My kids are grown now. Both have moved out of the house and are living lives that are independent of their parents. I am exceedingly proud of my kids and what they have accomplished in their lives. But in that pride is a bit of sorrow. I miss picking up my daughter and her beeping my nose, saying, with a laugh, “Boopies, I got you first!” I miss having deep conversations with my then four-year-old son. “Daddy, what ‘cuz the world to go in circles around the sun?” Yes, they had their times of disobedience, and they needed to be corrected from time to time. However, those memories have faded into the past. Mostly what remains are memories of happy, joyous times with my children.
In John 20, Jesus does something entirely unexpected. The resurrection itself was quite surprising, but now, in the upper room, Jesus breaths on the disciples and states, “Receive the Holy Spirit. John 20:22 (CSB). This essay will review the background understanding of the Holy Spirit for the Jewish disciples, exegesis of John 20:21-23 with observations and interpretations, and conclude with an application.
Pilate ends the discussion with the famous question from John 18:38 – “Veritas, quid verum?” Pilate then, literally, walked away from the Truth.
Let me ask you a question. What do you understand the gospel to be? Some might answer like this: "Accept Jesus as your Savior, and when you die, you will go to Heaven." Or "Put your faith in Jesus, and your sins will be forgiven." Or "Follow Jesus, and you will find meaning and purpose for your life." All of these answers are right – but they are only partially correct. These statements are parts of the gospel, but they are not the entirety of the gospel.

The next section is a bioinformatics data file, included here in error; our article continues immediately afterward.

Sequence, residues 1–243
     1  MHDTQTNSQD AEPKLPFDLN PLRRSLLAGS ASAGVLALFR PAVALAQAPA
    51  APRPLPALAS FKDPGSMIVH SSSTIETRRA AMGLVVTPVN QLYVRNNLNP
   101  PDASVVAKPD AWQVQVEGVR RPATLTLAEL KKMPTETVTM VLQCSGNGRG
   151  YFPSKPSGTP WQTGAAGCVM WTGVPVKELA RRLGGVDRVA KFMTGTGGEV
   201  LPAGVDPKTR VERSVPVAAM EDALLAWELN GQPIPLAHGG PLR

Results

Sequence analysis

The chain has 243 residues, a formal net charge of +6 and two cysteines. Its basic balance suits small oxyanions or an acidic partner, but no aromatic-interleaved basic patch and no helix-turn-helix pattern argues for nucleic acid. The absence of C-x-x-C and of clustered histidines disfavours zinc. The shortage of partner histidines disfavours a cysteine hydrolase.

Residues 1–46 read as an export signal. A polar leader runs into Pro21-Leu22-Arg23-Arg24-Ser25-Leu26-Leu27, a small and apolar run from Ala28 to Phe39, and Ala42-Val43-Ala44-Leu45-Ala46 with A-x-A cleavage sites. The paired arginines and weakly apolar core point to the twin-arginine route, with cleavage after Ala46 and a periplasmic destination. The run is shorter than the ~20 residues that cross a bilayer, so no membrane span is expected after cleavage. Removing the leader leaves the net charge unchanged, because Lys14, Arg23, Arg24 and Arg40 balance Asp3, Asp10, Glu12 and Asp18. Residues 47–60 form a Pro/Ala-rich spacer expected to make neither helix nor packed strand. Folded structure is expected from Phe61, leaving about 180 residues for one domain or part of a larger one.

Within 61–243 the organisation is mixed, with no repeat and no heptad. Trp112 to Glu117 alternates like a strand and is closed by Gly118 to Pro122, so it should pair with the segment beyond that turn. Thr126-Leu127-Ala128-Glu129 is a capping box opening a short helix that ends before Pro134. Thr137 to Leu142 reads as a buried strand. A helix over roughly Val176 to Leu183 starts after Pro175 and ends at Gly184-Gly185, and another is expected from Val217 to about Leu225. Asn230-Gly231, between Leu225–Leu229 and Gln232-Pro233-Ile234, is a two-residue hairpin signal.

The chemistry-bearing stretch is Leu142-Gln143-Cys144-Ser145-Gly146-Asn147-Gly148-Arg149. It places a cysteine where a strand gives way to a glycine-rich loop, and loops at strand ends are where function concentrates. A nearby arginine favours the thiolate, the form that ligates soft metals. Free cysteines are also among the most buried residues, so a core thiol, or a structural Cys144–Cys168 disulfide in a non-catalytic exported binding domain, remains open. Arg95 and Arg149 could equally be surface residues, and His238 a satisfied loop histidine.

Here is a video devotional I made for our CMA chapter during the COVID-19 pandemic. My prayer is that these words can give you comfort during this stressful time.
Are you living in the Third Day - the Resurrection Day, or are you living in Saturday - a day of hopelessness?
The passage we are going to look at today is Colossians 3:1-7. Before we get into the passage, I want to start with an illustration. One of my favorite stories is Tolkien’s Lord of the Rings. My favorite character in that tale is Sam Gamgee.
Tonight, we are going to look at a passage of scripture that, to be frank, is difficult. For those of you who come from a Roman Catholic background, you will know about the Stations of the Cross and you will recognize this scripture as one of those stations. While most of the stations reflect on the actions of Jesus, this station, the fourth station, reflects upon the actions of Peter and his denial of Jesus.
Welcome to the first in a series looking at the Kingdom of God (KoG). Through this series, I will be writing about how the KoG impacts our lives now as well as how we have something spectacular to look forward to in the future. To start this series, I want to look at how Jesus and the Bible talk about the KoG.
Catherine of Siena (1347 – 1380) was a woman devoted to her God and her Church. Deeply moved by the corruption of the Church in her time, Catherine dedicated her life to holiness and piety. After learning how to read and write, she began working on The Dialogue in December of 1377 finishing it in October of 1388.